The forthcoming auction of 800MHz and 2.6GHz spectrum, and the associated licence conditions, will have a profound impact on the mobile industry in the UK. In its latest consultation and proposals, Ofcom highlights that the auction is “likely to be the last significant opportunity to obtain prime mobile spectrum for many years” and that the distribution of spectrum after the auction “is therefore likely to shape the competitiveness of the mobile sector for at least the next decade”.
It is crucial that the auction process leads to the cultivation of top quality coverage, high speed data and service innovation. The last major auction of mobile spectrum in the UK, held in 2000, failed to provide these and it could be argued that the UK networks have done little more than tread water for the last ten years. As we have commented previously, 3G coverage is, even now, much worse than 2G coverage.
Ofcom is of the view that the UK needs at least four “credible national wholesalers”, by which it means four network operators with spectrum portfolios that are strong enough to offer competitive services nationally, with regard to capacity, quality of coverage, peak data rates (immediately after the auction) and availability of LTE (immediately after the auction).
Ofcom is of the view that this level of competition is essential to achieve low prices, high quality coverage and innovation of services. However, experience of 3G shows that, while competition can help to reduce prices, it does not necessarily enhance coverage (particularly in rural areas) or increase innovation. It is striking how similar all of the UK operators are, in terms of their pricing and services, and I have lost count of the number of overseas visitors who have expressed their surprise at the limited coverage and quality of the UK networks, compared with other markets.
So how do we ensure that these important points are addressed this time, given that competition alone is not enough? Ofcom is still evaluating the options, but it is good to see that at least some aspects are being addressed. In his recent post, Mark Heath has already talked about the positive introduction of demanding coverage targets, for at least one of the licences. However, another important issue is the cultivation of new ideas and service innovation. One of the problems with relying on the established industry players is that they will tend to do things the way they have always done them.
Ofcom already anticipates that three of the “credible national wholesalers” will be Everything Everywhere, Telefónica O2 and Vodafone. It is good that Ofcom intends to reserve spectrum to ensure that a fourth player (either H3G or a new entrant) has a strong enough portfolio to compete with these long-established players. However, personally I would like to see some new blood in the industry, to inject some new ideas and different approaches.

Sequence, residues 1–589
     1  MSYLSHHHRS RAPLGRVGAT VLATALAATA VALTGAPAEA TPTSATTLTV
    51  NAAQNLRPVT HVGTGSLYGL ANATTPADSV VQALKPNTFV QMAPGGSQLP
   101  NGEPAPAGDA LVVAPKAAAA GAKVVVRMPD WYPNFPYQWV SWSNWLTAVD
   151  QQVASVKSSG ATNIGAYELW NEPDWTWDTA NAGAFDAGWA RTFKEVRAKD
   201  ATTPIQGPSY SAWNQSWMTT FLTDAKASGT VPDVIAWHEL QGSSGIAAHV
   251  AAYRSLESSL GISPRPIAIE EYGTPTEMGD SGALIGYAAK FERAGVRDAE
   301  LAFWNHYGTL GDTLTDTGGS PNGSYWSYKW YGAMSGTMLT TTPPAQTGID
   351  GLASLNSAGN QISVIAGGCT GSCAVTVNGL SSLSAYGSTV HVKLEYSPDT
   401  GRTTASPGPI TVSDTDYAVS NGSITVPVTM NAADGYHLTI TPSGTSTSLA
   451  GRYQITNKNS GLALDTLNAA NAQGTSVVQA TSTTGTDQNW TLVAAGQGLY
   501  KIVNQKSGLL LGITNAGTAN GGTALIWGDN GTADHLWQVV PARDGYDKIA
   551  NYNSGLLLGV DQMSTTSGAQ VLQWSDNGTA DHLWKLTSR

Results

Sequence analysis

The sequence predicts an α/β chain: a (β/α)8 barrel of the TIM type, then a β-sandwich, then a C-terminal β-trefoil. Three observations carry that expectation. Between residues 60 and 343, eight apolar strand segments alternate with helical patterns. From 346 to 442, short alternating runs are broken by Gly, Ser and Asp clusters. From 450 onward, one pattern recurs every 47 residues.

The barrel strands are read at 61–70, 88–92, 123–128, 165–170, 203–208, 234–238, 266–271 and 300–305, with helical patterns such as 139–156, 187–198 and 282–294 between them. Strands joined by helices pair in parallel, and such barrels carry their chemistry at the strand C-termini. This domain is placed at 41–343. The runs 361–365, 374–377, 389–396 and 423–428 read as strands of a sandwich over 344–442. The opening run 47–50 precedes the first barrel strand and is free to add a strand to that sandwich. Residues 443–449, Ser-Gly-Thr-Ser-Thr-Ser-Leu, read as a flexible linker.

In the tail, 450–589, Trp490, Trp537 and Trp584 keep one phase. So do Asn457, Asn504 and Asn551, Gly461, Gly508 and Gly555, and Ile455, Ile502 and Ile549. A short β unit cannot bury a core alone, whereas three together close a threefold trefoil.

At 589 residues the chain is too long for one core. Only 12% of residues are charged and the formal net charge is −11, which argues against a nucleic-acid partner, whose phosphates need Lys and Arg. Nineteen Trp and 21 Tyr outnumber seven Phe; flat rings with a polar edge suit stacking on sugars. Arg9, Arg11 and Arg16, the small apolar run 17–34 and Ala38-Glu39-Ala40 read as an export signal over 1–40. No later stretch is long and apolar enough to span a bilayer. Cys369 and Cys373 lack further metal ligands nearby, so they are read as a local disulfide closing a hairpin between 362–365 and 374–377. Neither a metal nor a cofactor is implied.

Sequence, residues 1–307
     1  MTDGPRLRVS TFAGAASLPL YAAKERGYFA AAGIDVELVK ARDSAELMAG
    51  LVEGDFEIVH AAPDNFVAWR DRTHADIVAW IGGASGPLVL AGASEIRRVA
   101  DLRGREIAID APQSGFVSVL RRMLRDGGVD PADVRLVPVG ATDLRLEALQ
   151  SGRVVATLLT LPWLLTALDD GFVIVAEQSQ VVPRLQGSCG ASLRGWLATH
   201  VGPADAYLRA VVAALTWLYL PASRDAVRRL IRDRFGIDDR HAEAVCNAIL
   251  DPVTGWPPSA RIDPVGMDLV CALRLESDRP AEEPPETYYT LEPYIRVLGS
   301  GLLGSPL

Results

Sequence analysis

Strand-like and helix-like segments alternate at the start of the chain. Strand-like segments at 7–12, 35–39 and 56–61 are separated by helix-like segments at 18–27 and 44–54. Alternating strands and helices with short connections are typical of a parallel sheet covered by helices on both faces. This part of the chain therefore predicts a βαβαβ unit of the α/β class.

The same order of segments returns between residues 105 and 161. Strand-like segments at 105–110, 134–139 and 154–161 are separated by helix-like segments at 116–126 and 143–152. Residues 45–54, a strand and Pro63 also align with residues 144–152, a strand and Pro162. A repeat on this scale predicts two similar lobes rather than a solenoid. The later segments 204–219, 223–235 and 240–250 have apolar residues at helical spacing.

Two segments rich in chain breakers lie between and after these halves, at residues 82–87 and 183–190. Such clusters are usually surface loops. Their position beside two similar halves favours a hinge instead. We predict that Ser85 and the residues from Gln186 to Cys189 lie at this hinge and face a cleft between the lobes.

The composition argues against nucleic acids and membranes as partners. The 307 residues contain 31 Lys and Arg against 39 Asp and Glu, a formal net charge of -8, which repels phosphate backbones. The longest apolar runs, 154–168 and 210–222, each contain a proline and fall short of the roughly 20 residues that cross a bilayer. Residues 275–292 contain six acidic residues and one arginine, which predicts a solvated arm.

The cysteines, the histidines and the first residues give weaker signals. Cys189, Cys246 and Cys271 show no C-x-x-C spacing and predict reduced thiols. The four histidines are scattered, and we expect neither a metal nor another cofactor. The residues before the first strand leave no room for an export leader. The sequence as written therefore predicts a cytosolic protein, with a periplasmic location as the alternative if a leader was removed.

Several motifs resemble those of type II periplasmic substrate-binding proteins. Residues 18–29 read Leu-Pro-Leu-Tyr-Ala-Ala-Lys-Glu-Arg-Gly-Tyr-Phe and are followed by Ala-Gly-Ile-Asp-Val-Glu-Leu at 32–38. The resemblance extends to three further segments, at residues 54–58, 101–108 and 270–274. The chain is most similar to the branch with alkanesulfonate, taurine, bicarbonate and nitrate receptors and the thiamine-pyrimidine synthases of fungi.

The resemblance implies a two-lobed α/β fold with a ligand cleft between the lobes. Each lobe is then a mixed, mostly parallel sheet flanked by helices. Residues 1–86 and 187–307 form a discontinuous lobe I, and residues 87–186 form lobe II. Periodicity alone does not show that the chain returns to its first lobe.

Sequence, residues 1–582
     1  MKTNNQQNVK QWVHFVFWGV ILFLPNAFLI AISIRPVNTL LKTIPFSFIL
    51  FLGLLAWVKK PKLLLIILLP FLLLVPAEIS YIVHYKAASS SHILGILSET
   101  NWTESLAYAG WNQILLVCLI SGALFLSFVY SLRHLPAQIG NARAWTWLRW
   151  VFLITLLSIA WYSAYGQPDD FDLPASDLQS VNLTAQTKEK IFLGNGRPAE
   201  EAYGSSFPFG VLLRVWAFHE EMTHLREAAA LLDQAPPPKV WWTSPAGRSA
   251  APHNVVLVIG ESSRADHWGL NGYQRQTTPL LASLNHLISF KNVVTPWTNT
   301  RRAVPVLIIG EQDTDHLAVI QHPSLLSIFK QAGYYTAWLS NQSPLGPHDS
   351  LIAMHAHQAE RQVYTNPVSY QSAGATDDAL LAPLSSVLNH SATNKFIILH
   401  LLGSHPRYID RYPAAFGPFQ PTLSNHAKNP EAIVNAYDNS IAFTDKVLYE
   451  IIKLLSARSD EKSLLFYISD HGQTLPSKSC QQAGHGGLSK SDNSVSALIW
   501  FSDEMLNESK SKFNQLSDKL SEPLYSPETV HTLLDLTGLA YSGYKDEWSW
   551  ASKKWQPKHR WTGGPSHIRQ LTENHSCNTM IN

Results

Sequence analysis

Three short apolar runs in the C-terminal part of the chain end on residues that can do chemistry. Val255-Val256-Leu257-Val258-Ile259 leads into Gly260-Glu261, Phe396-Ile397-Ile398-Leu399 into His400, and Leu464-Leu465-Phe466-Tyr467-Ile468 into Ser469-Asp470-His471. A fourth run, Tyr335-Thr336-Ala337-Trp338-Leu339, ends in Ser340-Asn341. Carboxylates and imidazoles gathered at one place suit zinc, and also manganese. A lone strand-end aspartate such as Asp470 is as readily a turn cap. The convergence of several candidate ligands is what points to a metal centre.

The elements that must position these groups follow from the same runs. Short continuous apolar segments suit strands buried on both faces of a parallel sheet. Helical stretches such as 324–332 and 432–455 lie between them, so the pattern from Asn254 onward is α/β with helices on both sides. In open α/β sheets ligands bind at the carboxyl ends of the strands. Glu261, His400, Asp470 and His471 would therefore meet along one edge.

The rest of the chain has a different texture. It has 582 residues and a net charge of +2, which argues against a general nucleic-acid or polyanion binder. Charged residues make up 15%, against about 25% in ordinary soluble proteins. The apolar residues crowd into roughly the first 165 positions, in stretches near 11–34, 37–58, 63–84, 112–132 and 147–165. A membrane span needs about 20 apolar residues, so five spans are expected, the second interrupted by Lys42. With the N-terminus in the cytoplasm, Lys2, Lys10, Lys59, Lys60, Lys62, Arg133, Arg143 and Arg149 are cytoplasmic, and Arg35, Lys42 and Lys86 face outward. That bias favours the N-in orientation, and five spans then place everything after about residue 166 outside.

Over ten years ago, during the preparation for the 3G spectrum auction, I worked closely with the SpectrumCo consortium, led by Virgin. The consortium worked with telecom experts and a wide variety of major retail brands to develop a number of radical new ideas, including:
- a wholesale operator with a number of strongly branded MVNOs
- ambitious roll out plans to provide high-quality coverage as soon as possible
- an exciting vision for the future of terminals and the mobile Internet.
As it turned out, the high cost of the licences deterred many new entrants, including SpectrumCo, during the bidding process, so we ended up with the existing players plus H3G, all of which paid huge sums. H3G focused primarily on pricing innovation (e.g. bigger bundles) rather than innovation in services or business model.
In retrospect, the technology of the day may not have been ready for some of the exciting ideas and service concepts promoted by Virgin and its partners. However, ten years on, the pieces of the jigsaw are coming into place and the availability of high speed data and advanced smartphones could now make these visionary ideas a reality. Early 3G technology was unable to deliver high data rates, but LTE is fully able to do so, especially when bolstered by microcells, femtocells, WiFi and smart antennas. Also, we anticipate that exciting new mobile devices, such as the forthcoming iPad 3 and iPhone 5, will support LTE. Furthermore, although there is a substantial amount of new spectrum on offer, the economic environment is such that the cost of the licences may be substantially lower than 3G.
Hopefully this exciting opportunity will encourage new players to enter the UK mobile market, either on their own or perhaps in partnership with H3G. It would be good to see some of the ideas of ten years ago finally come to fruition.